Despite being one of only four players in history with 3,000 hits and 500 home runs, Rafael Palmeiro fell off the Hall of Fame ballot this year because he received fewer than five percent of the vote. His performance-enhancing drug ties, which include a failed test in 2005, ruined what were once first-ballot credentials.
Palmeiro was at his home in Texas putting away Christmas decorations during the Hall of Fame announcement on Wednesday. It wasn't until he noticed he had several missed calls that he realized the announcement was made. Here's what he told Dan Connolly of the Baltimore Sun about falling off the ballot:
“It is disheartening not being on the ballot anymore,” said Palmeiro, who is one of only four players with 3,000 hits and 500 home runs, but is also the only one on the ballot who was suspended for failing a performance-enhancing-drug test. “I was hoping to stay on it as long as I could. Maybe gain some momentum. But it went the other way.”
“I'll look at the bright side,” Palmeiro said. “I'll be eligible in  years, and maybe at that point things are a lot different and people see it in a different light. I'm disappointed. I am not going to lie. I won't say I was hoping for a miracle and that I'd get elected, but I was hoping to stay on it a little longer.”
Palmeiro will be eligible for election through the Expansion Era Committee in 12 years. His Hall of Fame support from the BBWAA gradually dwindled over the years, from 11.0 percent in 2011 to only 4.4 percent in 2014, but a lot can change in 12 years. It remains very unlikely Palmeiro will get into the Hall of Fame one day, but it is not impossible.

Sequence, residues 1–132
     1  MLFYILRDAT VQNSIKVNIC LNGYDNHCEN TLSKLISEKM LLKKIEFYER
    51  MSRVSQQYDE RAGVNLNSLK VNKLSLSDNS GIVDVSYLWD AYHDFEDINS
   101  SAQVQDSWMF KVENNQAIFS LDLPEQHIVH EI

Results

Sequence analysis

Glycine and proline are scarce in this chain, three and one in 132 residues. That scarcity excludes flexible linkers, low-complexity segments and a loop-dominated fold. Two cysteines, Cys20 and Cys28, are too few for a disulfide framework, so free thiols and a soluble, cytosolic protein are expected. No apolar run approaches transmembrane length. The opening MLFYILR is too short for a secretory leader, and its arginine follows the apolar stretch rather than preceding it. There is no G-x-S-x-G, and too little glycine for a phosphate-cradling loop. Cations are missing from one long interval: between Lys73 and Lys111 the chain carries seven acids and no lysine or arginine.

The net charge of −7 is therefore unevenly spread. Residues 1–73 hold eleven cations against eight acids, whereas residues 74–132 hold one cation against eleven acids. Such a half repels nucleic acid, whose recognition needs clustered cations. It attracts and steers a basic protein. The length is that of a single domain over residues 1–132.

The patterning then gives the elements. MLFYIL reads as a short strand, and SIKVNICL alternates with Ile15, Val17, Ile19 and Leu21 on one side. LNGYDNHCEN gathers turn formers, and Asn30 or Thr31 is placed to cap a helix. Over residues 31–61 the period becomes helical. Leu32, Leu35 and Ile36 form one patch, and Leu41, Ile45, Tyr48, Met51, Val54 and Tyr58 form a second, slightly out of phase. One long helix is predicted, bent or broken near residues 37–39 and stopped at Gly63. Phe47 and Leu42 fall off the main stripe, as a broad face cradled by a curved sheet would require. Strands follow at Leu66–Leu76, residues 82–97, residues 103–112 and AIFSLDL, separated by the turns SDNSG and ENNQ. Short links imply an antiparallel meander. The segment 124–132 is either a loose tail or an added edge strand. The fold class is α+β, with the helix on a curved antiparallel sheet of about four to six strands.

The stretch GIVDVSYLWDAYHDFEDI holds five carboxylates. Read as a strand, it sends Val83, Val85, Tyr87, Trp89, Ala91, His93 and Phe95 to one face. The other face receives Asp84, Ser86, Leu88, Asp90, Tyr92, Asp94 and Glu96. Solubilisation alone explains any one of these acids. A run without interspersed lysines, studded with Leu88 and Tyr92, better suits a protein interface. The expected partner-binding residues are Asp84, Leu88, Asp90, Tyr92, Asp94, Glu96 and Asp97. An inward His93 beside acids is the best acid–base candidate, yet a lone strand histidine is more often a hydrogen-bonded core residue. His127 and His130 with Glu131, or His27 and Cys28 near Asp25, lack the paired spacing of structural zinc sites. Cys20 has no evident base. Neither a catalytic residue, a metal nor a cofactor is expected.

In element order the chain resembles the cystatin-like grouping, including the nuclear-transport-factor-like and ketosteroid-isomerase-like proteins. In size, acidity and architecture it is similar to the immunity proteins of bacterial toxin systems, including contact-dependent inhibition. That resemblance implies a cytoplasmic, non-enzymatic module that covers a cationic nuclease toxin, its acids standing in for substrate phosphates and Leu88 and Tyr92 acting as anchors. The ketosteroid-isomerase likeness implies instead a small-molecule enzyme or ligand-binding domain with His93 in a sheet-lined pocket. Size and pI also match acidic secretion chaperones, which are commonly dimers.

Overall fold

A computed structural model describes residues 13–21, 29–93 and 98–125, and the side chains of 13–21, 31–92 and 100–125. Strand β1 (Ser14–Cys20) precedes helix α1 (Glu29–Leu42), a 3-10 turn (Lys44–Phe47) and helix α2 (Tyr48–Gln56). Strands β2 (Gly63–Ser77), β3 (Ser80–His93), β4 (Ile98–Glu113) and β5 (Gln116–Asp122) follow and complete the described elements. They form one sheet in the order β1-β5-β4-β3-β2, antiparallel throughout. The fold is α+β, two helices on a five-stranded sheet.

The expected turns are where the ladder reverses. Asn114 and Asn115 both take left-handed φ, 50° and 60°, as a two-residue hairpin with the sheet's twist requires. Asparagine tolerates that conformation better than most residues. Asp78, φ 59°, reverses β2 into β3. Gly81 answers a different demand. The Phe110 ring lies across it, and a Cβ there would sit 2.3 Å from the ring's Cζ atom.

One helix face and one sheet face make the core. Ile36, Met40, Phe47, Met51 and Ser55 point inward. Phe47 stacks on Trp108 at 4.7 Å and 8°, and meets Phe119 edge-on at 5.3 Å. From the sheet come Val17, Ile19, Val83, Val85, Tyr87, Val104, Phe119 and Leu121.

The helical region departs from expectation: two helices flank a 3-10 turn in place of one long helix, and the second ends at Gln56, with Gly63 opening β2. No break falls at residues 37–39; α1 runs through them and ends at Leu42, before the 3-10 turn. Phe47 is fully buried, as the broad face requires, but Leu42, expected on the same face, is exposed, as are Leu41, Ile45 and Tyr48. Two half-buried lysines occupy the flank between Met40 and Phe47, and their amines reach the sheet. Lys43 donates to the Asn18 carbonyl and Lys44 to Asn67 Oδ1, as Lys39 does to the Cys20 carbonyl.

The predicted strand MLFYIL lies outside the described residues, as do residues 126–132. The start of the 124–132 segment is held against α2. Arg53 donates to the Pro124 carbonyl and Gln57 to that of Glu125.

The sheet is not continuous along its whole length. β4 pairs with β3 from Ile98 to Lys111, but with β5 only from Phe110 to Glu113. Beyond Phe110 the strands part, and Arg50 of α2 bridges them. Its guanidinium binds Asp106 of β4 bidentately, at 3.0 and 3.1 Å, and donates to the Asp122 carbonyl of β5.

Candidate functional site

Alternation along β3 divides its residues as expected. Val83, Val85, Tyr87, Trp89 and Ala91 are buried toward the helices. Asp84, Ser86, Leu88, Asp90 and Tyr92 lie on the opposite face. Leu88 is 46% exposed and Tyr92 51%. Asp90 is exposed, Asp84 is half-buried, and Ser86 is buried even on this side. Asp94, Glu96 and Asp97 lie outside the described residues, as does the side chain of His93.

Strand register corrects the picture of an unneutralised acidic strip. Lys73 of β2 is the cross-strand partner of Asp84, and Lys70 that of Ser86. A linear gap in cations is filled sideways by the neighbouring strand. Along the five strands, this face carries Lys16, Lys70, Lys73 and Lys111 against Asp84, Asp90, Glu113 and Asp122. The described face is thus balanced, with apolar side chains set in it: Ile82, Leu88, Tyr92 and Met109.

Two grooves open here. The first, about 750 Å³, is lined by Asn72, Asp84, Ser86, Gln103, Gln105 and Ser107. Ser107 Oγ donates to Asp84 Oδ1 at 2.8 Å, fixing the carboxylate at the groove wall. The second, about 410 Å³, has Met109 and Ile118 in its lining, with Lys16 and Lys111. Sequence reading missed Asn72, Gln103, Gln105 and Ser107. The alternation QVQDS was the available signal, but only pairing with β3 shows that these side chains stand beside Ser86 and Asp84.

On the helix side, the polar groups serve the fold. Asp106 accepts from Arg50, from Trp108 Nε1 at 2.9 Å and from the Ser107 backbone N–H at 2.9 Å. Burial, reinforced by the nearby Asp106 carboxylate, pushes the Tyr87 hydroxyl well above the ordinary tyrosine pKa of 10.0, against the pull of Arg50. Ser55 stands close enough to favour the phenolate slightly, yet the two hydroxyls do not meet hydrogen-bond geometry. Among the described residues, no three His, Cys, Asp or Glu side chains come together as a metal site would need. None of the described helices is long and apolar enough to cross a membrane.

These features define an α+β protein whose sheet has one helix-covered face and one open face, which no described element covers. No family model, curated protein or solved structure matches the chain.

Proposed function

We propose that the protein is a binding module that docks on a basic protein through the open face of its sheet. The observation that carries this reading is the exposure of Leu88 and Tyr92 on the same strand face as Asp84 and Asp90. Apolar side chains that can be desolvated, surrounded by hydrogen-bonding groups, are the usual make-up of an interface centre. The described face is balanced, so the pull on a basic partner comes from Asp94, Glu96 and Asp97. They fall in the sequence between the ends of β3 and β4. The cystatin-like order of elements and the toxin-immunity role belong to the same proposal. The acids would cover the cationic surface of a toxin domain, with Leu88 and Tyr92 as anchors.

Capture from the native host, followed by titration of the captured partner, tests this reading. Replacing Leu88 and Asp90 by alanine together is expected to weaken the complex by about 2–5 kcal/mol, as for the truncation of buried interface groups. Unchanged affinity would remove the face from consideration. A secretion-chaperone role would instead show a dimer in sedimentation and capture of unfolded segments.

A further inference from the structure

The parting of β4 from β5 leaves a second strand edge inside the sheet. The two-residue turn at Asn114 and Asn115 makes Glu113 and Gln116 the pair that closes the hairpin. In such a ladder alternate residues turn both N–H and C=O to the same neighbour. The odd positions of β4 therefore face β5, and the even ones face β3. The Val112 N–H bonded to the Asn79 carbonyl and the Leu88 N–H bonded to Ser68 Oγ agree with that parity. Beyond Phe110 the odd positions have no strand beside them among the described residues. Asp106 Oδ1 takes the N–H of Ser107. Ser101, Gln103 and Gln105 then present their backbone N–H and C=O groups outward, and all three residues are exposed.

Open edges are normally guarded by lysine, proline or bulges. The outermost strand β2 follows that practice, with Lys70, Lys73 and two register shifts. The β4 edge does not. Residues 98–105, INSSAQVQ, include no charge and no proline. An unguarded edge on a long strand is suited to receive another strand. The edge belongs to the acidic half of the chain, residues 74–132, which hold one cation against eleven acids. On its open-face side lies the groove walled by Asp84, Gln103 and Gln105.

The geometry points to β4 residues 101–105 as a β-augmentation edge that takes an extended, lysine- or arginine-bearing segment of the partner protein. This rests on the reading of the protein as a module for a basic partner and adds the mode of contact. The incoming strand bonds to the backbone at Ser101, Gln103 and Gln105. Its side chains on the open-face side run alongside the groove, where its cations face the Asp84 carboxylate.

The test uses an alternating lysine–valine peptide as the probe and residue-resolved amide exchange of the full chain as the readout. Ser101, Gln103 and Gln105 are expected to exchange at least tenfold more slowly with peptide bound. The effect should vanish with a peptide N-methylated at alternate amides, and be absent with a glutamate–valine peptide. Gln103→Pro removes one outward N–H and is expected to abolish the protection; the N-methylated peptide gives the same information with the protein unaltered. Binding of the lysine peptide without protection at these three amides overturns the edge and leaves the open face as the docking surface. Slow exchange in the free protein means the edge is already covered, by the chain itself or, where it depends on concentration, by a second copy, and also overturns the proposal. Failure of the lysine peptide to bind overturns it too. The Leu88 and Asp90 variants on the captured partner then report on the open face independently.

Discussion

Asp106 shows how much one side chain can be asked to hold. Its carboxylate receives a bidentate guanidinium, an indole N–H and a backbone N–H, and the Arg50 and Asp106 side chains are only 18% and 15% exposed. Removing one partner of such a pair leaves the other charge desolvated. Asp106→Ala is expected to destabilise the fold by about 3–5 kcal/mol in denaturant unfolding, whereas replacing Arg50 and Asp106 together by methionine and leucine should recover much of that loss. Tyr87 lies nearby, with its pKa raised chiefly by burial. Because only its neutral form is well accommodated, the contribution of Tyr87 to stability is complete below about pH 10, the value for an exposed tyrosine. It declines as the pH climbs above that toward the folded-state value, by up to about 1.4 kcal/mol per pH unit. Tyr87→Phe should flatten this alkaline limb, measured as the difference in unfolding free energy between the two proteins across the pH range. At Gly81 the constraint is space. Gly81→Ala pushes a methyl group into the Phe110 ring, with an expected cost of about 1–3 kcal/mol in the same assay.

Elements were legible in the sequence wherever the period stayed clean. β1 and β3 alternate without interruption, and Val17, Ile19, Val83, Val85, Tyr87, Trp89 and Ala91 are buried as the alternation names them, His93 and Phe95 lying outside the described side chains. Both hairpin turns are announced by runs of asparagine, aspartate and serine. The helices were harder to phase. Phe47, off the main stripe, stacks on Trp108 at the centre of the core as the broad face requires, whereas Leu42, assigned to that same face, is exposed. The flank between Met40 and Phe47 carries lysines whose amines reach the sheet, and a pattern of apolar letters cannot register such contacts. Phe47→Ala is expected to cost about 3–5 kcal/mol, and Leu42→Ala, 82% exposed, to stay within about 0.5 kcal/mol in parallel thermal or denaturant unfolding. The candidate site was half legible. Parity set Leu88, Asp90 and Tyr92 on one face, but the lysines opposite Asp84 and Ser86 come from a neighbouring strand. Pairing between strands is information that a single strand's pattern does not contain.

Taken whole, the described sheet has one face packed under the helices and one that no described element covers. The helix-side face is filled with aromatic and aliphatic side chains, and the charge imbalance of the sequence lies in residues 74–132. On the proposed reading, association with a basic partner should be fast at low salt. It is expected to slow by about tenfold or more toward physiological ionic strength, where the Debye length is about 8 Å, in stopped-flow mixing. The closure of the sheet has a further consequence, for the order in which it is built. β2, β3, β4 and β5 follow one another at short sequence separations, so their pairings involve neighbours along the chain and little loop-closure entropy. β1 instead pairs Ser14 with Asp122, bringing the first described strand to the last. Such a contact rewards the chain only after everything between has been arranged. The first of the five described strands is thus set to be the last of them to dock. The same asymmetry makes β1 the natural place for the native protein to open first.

To his credit, Palmeiro takes full responsibility for his actions and blames himself for falling off the ballot:
“I take full responsibility, accountability for my mistake. It cost me tremendously in my life. It ruined my career and now it has ruined my chance of being a Hall of Famer,” Palmeiro said. “I don't blame anybody but myself. I should have known better and I should have trusted no one. You live and you learn. Some lessons are harder than others and this one I'll pay for the rest of my life.”
A total of 16 players fell off the Hall of Fame ballot this year. Jack Morris fell off because he exhausted his 15 years of eligibility while the other 15 players received less than five percent of the vote.